Wellington Mara spent his whole life with the Giants. Once his father bought the franchise in 1925, when Wellington was nine, it became the family business destined to be passed down to the sons. Wellington got his nickname, “Duke,” from the players, and the official NFL ball was christened Duke in his honor in 1941. The youngest Mara watched most games from the bench until 1951, and he used his first movie camera to shoot the team’s first game films. When he moved up to the press box in the 1950s, Wellington would take Polaroid shots of the opposing team’s formations and drop them down to the bench in a weighted sock.
Wellington scouted college players for the Giants and ran the personnel side of the team, while his older brother Jack ran the financial side. It was a fruitful partnership for several years, with Wellington building the team through astute drafts and trades. In the mid-1960s, though, the system developed cracks. Wellington allowed the team to get old, and his brother Jack died, leaving him with added responsibilities. The team suffered, and so did Wellington’s popularity with players, fans, and ultimately with Jack’s son Tim, who owned the other 50 percent of the Giants. The Maras’ bitter feud contributed to the team’s decline on the field.
Once George Young turned the team around on the field, Wellington began to be viewed as one of the patriarchs of the league again. Indeed, his league-first attitude had been instrumental in assuring such
The passing of owner Wellington Mara in 2005 was mourned by millions of Giants fans.
At Super Bowl XXI, team leader Harry Carson delighted in throwing his beloved boss in the shower to share in the celebration of the long-awaited championship. That was one of six titles the Giants won in Mara’s life. For his lifelong contributions to pro football, Wellington was elected to the Hall of Fame in 1997, where he joined his deceased father, Tim Mara.
Wellington Mara cared deeply about three things throughout his life: family, church, and the Giants. When he died, his loss was mourned by millions of Giants fans.
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It’s just an attitude, man. It’s a want-to, and guys had a want-to today.
Actress Kate Mara, granddaughter of Wellington Mara, sings the national anthem before the Giants took on the Redskins two days after the funeral services of the Giants’ longtime owner and patriarch.
The two-time defending Eastern Conference champion Giants came into this game against the Eagles off a 31-0 drubbing by the Steelers, in which New York was led by backup quarterback Ralph Guglielmi. That loss to Pittsburgh dropped the Giants to 1-1 and Guglielmi was cut, leaving only rookie Glynn Griffing behind 37-year-old starter Y. A. Tittle. When Tittle returned to action against Philadelphia on this day, it was more obvious than ever just how important he was to the Giants’ success.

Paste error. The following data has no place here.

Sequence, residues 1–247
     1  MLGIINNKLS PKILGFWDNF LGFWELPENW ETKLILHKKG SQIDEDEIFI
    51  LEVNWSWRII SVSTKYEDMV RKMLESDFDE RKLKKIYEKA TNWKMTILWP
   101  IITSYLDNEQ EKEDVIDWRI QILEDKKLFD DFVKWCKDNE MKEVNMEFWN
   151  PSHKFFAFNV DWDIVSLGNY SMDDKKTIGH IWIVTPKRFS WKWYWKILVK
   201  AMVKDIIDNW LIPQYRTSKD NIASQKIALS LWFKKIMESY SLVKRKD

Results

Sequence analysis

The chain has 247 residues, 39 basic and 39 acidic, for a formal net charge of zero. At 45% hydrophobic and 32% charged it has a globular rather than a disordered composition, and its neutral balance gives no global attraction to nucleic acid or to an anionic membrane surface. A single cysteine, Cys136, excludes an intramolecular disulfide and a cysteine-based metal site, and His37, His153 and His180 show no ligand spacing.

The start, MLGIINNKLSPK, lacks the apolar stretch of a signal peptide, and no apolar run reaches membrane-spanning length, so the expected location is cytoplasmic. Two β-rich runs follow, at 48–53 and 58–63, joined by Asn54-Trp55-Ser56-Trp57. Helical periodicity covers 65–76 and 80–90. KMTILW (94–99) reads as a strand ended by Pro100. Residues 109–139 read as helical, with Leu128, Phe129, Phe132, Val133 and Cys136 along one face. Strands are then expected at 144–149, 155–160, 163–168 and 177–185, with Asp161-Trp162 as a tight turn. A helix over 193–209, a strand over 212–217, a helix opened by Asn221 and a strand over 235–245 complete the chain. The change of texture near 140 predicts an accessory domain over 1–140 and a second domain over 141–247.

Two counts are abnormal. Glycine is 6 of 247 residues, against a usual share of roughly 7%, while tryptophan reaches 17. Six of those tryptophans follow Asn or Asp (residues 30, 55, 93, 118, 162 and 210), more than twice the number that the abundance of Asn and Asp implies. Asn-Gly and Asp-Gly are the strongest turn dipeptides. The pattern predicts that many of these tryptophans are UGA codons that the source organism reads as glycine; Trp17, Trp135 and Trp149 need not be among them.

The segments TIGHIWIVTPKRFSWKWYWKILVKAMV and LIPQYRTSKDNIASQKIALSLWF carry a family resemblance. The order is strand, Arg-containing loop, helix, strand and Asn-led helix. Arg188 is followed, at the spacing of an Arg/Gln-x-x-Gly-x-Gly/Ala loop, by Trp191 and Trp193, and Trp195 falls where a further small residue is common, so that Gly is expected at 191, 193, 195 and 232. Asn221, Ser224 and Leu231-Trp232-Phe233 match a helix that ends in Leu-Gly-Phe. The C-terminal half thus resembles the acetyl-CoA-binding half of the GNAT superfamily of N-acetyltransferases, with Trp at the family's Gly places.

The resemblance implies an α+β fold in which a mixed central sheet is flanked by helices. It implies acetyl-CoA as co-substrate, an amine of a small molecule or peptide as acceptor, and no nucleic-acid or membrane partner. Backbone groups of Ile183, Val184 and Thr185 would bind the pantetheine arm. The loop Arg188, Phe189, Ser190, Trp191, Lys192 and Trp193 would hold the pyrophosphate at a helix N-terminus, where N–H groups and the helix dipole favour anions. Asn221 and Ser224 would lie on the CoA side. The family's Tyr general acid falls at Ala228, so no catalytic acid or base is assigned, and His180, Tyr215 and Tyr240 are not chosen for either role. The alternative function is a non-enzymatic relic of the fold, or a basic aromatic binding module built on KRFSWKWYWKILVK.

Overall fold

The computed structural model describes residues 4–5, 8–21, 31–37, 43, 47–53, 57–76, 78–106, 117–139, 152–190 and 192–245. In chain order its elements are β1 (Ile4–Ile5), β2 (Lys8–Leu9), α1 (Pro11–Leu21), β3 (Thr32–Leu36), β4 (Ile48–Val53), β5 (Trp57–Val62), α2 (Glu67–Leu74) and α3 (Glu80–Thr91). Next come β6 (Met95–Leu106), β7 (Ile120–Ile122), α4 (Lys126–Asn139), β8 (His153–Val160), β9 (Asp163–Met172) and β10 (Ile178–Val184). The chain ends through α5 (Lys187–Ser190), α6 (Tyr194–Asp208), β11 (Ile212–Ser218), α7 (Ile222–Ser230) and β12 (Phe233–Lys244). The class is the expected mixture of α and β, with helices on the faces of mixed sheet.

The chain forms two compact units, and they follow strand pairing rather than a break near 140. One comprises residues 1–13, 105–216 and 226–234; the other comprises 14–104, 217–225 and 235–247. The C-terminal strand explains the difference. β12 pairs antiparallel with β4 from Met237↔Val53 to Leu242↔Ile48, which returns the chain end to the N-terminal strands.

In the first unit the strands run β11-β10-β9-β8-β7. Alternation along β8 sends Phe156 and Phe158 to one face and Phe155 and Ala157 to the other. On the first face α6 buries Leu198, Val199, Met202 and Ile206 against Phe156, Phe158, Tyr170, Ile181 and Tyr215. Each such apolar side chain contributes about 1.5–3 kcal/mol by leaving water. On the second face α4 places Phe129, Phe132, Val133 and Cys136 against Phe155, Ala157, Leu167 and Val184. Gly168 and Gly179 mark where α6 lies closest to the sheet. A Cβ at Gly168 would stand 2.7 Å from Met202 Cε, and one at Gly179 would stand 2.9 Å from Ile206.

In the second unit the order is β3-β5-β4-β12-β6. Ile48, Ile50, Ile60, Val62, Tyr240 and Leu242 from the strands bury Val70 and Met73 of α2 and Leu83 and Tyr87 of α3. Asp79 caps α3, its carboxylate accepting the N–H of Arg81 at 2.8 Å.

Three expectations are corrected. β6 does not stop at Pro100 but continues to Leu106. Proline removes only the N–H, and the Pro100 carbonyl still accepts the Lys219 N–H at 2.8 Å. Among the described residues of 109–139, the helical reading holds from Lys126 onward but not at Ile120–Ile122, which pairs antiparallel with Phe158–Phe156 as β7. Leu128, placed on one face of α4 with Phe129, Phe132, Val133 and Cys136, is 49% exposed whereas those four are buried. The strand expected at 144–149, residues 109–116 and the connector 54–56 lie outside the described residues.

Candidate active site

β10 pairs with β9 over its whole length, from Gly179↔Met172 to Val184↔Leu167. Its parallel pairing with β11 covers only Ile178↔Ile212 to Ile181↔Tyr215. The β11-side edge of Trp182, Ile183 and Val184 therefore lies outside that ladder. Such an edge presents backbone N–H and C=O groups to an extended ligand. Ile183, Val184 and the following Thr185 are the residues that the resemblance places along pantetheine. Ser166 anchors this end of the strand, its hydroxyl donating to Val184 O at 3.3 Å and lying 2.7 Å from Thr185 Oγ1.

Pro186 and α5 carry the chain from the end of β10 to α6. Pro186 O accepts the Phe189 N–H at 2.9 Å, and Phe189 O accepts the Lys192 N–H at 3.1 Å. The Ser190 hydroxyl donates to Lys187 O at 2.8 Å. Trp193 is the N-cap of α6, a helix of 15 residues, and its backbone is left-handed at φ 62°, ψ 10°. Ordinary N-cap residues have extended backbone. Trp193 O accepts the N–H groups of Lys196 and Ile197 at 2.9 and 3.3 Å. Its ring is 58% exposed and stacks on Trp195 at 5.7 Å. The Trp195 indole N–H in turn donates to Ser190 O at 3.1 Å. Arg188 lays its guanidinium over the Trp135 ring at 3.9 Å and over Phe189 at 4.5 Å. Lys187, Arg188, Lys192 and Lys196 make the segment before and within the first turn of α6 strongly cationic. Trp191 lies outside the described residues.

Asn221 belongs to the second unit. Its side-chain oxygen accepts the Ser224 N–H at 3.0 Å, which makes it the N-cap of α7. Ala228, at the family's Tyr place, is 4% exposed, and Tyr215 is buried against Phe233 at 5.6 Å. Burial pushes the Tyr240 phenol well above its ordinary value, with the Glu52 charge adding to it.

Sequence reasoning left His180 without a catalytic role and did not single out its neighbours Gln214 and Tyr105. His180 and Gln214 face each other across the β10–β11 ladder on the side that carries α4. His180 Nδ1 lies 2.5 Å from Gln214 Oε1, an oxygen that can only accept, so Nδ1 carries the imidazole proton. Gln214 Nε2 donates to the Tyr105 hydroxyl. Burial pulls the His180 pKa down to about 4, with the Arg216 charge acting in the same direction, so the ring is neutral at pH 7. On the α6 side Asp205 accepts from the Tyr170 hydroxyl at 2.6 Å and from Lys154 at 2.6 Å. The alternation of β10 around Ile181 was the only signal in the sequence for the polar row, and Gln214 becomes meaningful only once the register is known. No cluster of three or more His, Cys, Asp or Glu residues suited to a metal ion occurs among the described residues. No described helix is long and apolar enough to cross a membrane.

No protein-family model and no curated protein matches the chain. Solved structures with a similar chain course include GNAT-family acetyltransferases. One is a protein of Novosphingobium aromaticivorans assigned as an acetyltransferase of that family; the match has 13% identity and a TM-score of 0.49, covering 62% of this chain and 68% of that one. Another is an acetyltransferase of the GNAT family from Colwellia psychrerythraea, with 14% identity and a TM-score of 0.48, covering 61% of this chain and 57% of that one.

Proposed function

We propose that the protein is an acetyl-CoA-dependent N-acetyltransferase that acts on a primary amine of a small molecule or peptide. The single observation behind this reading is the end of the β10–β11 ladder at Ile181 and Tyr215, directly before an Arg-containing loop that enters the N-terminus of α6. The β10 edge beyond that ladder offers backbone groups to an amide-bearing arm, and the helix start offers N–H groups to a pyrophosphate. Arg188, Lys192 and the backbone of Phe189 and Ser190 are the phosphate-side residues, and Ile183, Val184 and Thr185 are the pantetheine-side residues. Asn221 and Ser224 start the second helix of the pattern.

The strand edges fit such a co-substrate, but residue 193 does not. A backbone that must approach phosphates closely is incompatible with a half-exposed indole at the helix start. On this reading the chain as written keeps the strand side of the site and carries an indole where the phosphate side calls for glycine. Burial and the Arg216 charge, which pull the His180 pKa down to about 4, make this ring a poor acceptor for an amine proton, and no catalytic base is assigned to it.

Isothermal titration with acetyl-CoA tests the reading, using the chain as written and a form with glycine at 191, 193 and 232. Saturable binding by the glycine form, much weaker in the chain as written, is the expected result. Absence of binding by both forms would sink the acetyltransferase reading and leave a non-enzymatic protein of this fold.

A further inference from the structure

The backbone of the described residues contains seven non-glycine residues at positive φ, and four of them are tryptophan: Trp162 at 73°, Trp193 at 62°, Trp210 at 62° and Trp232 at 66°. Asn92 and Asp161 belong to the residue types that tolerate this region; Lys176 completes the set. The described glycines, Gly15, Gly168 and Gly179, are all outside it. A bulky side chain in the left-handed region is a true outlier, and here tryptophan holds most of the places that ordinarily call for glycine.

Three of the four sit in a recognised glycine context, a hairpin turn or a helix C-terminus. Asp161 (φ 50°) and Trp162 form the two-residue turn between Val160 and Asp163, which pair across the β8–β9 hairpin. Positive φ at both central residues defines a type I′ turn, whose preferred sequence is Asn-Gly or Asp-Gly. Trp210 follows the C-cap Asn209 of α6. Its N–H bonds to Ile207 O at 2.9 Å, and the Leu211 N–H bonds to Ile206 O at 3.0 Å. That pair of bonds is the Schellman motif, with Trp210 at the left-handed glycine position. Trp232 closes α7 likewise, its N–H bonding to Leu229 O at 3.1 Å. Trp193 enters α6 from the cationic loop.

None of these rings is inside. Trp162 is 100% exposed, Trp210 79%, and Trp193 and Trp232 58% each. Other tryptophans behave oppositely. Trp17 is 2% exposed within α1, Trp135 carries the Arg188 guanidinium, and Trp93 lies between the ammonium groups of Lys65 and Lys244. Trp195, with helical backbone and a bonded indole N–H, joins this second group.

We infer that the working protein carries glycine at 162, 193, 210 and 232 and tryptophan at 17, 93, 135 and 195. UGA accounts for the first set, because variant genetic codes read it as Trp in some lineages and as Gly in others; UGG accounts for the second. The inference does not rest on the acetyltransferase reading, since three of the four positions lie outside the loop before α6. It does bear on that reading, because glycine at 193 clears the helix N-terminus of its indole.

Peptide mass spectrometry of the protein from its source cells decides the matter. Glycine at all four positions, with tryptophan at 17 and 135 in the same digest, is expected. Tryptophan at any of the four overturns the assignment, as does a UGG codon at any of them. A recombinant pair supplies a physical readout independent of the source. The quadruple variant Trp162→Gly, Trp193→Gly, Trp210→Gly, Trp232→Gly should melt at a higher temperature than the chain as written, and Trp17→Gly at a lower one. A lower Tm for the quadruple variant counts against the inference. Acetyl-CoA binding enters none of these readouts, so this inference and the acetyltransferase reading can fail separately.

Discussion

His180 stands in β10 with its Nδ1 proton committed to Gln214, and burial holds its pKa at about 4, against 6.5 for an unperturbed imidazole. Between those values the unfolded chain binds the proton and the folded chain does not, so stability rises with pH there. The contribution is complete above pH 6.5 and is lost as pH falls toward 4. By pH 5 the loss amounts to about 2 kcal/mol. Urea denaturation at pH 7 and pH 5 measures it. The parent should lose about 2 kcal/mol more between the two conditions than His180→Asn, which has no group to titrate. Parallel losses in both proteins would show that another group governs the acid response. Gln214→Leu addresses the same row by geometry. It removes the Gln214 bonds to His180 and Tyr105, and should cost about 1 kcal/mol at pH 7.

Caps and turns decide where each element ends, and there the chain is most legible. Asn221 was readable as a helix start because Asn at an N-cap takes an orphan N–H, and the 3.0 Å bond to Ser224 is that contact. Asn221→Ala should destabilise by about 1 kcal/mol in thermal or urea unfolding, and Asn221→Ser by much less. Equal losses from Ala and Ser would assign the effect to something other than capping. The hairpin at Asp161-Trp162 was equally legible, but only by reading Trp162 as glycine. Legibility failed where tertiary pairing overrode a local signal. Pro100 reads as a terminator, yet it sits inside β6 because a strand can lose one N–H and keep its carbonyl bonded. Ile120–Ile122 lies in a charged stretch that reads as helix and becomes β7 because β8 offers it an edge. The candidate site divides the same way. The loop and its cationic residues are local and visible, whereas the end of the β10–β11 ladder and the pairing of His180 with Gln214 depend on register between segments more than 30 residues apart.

With the wily Tittle back at the controls, the offense righted itself and swamped the overmatched Eagles. Tittle tossed two touchdown passes in the first half and led New York to three more scores in the first 11 minutes of the third quarter, putting the game out of reach at 30-0. The Giants defense intercepted five Eagles passes four off Sonny Jurgensen and one off King Hill and recovered a fumble as well in this easy victory.
On this day, versatile utility man Joe Morrison stepped in at fullback for the injured Alex Webster and had a career rushing day, running for 120 yards on 12 carries and three touchdowns. The third touchdown came in the fourth quarter after the Eagles had punched in a couple of meaningless touchdowns to make the score more respectable, and it was the sweetest play of the day.
Morrison’s final score came on a simple end run from the Giants’ 29-yard line. He took the handoff and went right, while both guards and left tackle Rosey Brown all pulled to run interference. Right guard Ken Byers brush-blocked Eagles linebacker Bob Harrison in the backfield, and Harrison could only get a hand on Morrison. Next, left guard Darrell Dess mostly whiffed in trying to block Tom Brookshier, but Morrison broke the tackle at the 35. Finally, with three Eagles closing in from the left, All-Pro tackle Brown clobbered defensive end Jerry Mazzanti at the 38 and sent him backwards like a skittering bowling pin into teammates Don Burroughs and Jimmy Carr, knocking all three to the ground.
It’s called a dive end run, and we must run it thousands of time in practice. Alex [Webster] has made this play go for years. The two guards pulled out and when Kenny Byers blocked their cornerback out, I cut inside and had a clear field. It’s a nice feeling, I’ll tell you.
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